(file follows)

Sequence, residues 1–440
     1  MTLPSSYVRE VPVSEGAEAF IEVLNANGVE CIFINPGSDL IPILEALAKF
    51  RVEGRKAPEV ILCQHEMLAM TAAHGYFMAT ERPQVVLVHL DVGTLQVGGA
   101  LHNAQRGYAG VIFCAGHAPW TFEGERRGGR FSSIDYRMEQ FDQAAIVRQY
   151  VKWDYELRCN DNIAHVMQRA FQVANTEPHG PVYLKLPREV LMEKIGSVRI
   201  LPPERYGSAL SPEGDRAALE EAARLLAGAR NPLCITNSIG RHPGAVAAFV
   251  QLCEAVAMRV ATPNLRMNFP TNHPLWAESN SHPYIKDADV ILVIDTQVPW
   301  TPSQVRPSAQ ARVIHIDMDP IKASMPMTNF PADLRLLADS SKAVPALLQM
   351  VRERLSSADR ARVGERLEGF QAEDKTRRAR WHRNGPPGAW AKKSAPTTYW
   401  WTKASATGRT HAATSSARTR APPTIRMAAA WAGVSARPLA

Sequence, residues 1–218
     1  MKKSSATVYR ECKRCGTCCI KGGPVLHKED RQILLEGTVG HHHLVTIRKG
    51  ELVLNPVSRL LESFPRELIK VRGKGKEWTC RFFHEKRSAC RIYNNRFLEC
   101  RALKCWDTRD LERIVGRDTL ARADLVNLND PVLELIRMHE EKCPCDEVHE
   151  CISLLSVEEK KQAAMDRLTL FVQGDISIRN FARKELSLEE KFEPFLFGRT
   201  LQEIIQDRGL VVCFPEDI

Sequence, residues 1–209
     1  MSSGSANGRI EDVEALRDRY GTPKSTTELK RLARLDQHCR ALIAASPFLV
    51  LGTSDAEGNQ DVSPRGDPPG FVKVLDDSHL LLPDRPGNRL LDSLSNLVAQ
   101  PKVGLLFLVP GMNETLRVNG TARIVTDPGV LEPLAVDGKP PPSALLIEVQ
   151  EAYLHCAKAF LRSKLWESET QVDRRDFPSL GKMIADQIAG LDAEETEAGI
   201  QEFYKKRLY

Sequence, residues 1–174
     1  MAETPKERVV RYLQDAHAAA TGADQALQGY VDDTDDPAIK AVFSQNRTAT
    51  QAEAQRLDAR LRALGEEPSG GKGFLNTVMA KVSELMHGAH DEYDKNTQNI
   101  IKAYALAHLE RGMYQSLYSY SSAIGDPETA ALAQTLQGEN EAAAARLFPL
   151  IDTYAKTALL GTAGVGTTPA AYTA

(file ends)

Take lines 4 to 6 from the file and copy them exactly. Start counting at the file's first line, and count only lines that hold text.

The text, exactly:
   101  LHNAQRGYAG VIFCAGHAPW TFEGERRGGR FSSIDYRMEQ FDQAAIVRQY
   151  VKWDYELRCN DNIAHVMQRA FQVANTEPHG PVYLKLPREV LMEKIGSVRI
   201  LPPERYGSAL SPEGDRAALE EAARLLAGAR NPLCITNSIG RHPGAVAAFV